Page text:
What's in a resume anyway?

Heidi Shadel

Sifting through job applicants is a tricky and often overlooked portion of work. I know because this is part of what my business does on a daily basis.

It’s a mix of inferences about how someone will perform, how their resume reflects their suitability and a shot in the dark about how their personality will fit the company culture. Often, who a person is emotionally, as well as their practical skill set, determines their ultimate performance in a particular role. This leads many to the ultimate question, “Is it all in the degree?”

According to one executive from a survey conducted by Association of American Colleges and Universities, “A good college can instill a combination of hard job-specific skills and soft real-world skills… (in a candidate)... .”

While most who apply for a specific job will benefit in character from the rigor of higher education, some might find themselves in a position to boast their achievements publicly.

While displaying notable accomplishments in a resume is an essential part of the hiring process, it often involves straightforward, substantial claims that are immediately strengthened by sturdy examples. As Vicki Salemi from Monster put it, “Instead of saying you’re awesome, note that you saved the company $100,000 last year because you researched new vendors and negotiated a contract.” Give the hiring manager something quantifiable, not just boastful!

It’s evident that a well formatted and thought-out resume is one of the most important steps to applying for a job, and it’s just as crucial for the hiring team to realize what they’re looking for. If a decorated candidate is inferred to present their achievements boastfully, their personality downscales their hireability significantly. Likewise, if a candidate has little to show in academic achievement, but offers a strong understanding in the right areas, it is clear they might be even more compelling.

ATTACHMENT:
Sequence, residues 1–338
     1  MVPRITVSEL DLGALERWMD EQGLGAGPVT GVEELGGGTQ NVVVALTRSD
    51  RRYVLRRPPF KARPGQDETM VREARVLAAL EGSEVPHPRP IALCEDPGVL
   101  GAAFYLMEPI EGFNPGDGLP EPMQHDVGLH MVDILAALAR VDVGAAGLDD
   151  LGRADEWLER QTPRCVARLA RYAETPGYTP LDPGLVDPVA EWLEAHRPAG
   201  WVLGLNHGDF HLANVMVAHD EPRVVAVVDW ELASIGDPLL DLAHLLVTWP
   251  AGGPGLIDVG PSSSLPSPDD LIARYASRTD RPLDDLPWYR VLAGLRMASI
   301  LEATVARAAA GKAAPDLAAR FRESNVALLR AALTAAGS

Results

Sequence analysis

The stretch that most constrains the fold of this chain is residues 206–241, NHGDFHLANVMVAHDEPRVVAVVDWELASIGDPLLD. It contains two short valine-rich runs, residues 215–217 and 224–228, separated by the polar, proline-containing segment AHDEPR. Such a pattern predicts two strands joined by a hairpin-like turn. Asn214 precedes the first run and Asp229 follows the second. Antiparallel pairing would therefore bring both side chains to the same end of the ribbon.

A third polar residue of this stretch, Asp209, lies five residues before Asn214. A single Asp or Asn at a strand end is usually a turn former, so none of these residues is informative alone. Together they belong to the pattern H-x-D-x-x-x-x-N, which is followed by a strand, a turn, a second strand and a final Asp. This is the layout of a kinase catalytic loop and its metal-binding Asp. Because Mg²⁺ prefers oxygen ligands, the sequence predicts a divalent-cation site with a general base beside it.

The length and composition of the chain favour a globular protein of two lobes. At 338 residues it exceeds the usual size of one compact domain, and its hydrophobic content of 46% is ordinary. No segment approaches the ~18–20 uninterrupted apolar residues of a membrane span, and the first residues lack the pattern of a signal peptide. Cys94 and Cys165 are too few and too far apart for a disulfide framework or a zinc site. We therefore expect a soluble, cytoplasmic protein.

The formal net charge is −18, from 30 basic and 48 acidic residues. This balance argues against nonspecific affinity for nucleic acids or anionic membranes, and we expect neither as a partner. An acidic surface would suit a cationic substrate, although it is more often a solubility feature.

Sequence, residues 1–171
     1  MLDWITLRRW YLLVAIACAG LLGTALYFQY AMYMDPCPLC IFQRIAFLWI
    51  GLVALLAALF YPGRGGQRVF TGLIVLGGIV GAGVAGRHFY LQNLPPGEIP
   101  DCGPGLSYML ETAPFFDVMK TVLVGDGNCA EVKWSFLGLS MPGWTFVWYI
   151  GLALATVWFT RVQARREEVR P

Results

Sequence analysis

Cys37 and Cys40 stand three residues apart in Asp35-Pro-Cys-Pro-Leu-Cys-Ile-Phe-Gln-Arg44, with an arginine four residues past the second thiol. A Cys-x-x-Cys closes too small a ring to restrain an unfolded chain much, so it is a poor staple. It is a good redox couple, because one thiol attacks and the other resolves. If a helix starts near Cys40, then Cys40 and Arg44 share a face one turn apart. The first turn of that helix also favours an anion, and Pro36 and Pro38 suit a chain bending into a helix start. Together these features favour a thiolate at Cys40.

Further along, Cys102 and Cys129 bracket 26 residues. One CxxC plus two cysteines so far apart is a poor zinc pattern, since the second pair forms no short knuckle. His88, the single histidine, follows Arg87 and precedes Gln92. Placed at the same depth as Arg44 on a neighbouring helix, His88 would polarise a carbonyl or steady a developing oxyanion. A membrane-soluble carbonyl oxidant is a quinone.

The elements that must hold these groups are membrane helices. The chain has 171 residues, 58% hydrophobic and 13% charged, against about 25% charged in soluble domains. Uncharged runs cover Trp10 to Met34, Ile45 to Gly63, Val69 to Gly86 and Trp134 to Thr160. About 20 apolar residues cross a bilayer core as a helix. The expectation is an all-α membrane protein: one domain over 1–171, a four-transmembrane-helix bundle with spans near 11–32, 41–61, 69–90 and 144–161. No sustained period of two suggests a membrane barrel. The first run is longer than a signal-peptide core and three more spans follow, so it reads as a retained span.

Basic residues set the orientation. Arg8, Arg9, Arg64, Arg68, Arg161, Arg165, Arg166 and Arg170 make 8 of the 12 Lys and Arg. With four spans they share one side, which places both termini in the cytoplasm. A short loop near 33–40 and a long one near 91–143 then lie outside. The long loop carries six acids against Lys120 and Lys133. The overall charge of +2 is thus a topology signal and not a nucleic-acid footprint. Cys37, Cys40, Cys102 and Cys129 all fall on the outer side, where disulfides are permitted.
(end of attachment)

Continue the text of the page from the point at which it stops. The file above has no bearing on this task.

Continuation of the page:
Hireability also depends heavily on how the company values accomplishments and honorary achievements. An academically superior candidate can often outweigh others in the context of public presentation. Each company should decide for itself which is a higher priority.

When looking for candidates, it’s important to remember you’re hiring an actual person; employers should strive for the right balance of hard and soft skills. Personality and being a right fit for the company cannot be taught as job skills can. Leadership skills, time management and social skills all play a massive role in how effective a candidate will perform in the workplace.

Attention paid to even the smallest details in the searching and interviewing processes will result in a happier and more productive workforce. Put simply by Forbes, “Innovative work necessitates innovative hiring practices.”

When you’re on the hunt to fill your next position, remember: it pays to be patient. While it’s desirable to fill positions as quickly as possible, the work you put in hiring the right person will pay off in the future.

It’s essential to make sure each candidate has the right balance of skills and confidence to strive in your company’s culture and to look for talent in unexpected places. College degrees, impressive resumes and other indicators of strong hard skills are only half the picture. After all, you’re hiring a human being.

Heidi Shadel is a Cumberland business owner and graduate of Frostburg State University with a masters in business administration. She believes in small business and the power that it holds in America’s economy, especially having a passion for helping small businesses succeed within the tri-state region. Connect with her on LinkedIn, follow her on Twitter at Heidi Shadel @heidiann73.

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